Sue Mountstevens, police and crime commissioner for Avon and Somerset, said seven people had been arrested so far and there would be ‘many more’ detained.
‘It’s disgraceful and outrageous. Police officers went to work yesterday, and some have returned home via hospital battered and bruised,’ she said.
‘There will be warrants, there will be arrests and police will be checking on the CCTV. There will be further arrests in the next few hours and days.
‘I believe there have been seven arrests so far and there will be many more.’
The Police, Crime, Sentencing and Courts Bill would give the police in England and Wales more power to impose conditions on non-violent protests, including those deemed too noisy or a nuisance.
Those convicted under the proposed legislation could face a fine or jail.
Avon and Somerset Police Federation chairman Andy Roebuck condemned the violence as ‘disgusting scenes in Bristol by a mob of animals’.
John Apter, the national chairman of the Police Federation of England and Wales, said: ‘This is not about protecting the right to protest, it’s violent criminality from a hardcore minority who will hijack any situation for their own aims.’
Darren Jones, the Labour MP for Bristol North West, said: ‘You don’t campaign for the right to peaceful protest by setting police vans on fire or graffitiing buildings.’
Ian Bone: The lifelong anarchist who ‘grew up with an abiding contempt for the upper classes’
Ian Bone, who lived in Grenfell Tower in the 1980s, with a local North Kensington campaigner in 2017
Veteran activist and grandfather Ian Bone, 71, was once dubbed Britain’s most dangerous man after the Class War newspaper he launched in 1982 became so incendiary it featured pictures of beaten up policemen.
His father was butler to Sir Gerald Coke, grandson of the Earl of Leicester, and the family lived in a bonded cottage on a family estate in Hampshire.
Young Ian hated the rich children ‘from the big house’ for calling his father ‘Bone’ and grew up with an abiding contempt for the upper classes.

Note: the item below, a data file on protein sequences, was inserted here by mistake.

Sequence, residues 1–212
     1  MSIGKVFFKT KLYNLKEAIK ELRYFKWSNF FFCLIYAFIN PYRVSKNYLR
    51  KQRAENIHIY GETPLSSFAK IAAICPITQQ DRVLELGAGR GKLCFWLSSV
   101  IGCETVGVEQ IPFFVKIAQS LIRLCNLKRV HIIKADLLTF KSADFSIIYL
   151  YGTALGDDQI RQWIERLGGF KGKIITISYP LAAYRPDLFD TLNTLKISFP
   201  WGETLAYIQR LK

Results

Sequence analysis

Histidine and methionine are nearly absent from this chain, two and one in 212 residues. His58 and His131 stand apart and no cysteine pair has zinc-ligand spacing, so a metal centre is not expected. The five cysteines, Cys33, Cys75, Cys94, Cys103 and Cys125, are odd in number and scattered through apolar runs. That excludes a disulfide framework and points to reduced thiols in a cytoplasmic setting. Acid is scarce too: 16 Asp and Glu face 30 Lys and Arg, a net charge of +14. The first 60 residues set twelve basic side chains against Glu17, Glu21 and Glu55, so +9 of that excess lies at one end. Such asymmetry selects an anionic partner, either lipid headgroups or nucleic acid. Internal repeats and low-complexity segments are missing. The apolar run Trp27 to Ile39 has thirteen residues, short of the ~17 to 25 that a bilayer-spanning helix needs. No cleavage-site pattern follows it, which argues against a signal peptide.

After finishing a degree in politics from Swansea University, he announced to his horrified parents that his choice of ‘career’ was to be an anarchist, and that he would fund it by claiming the dole.
The full-time anarchist – who’s been on state benefits since leaving university – now walks with a stick due to Parkinson’s disease.
Bone has been protesting since the 1980s and is a publisher with class activist publications, Class War and The Bristolian. He became a founding member of Class War, a group dedicated to the violent overthrow of state structures, and published newspapers in support of the cause.
At its height it sold 15,000 copies weekly and supported striking miners, dockers, print workers and demos including the Brixton Riots of 1981, before the publication was launched.
Activist Ian Bone (right, in the flat cap) was filmed accosting the Rees-Mogg family in 2018
Bone went on Bash the Rich marches (Bash the Rich is also the title of his autobiography). Just a decade ago he advocated violence to overthrow the state.
While still a weekly paper, Class War dubbed itself ‘Britain’s most unruly tabloid’.
After Prince William’s birth in September 1984 it carried a front page picture of him with the headline ‘Another f***ing royal parasite’.
Another front page carried an image of Margaret Thatcher with a hatchet buried in her head. When the paper folded, it carried on as a pressure group.
He lived in Grenfell from 1983-1986 and knew several residents who were caught up in the fire there where 72 people died.
He went on to protest outside The Shard when Grenfell residents weren’t being re-housed because there were 10 £50m empty luxury flats inside the state-of-the-art tower. Bone was taken to the High Court by Qatari royal family, owner of The Shard, in February 2018 to stop his protests before their lawyers withdrew their threat of an injunction against him.
In 2006 he told The Guardian newspaper that violence was key, saying: ‘Not (attacking someone) individually, but if you’re fighting back as a mob against a particular thing like the poll tax or the Iraq War (then) yes.. If the rich or the ruling class or the police are defending their interests, they deserve everything that’s coming to them.’
When Baroness Thatcher died in 2013, he used his blog to summon an army of followers to celebratory street parties, and published an image of the former prime minister’s head being cut open with a meat cleaver. Next to the image he wrote: ‘The best cut of all.’
In other film clips posted on YouTube, he rails against the Royal Family and urges ‘violent action’ to achieve his aims.
In 2015 Bone posted pictures of himself angrily brandishing a walking stick during a protest against the so-called gentrification of London.
He was the key figure behind a mob attack when riot police and helicopters were deployed after more than a thousand people descended on East London to protest against a trendy cafe selling breakfast cereals from around the world for up to £4.40 a bowl.
And in June 2018 he posted on his own Facebook page in regards to Donald Trump’s visit: ‘Spend the day idling and drinking around Bond Street/ New Bond street………..enter shops……handle the goods….be insolent to the rich… insolence comrades…let insolence win the day.’
After his unabashed assault on the Rees-Mogg family in 2018, the father-of-five remained silent about his own family.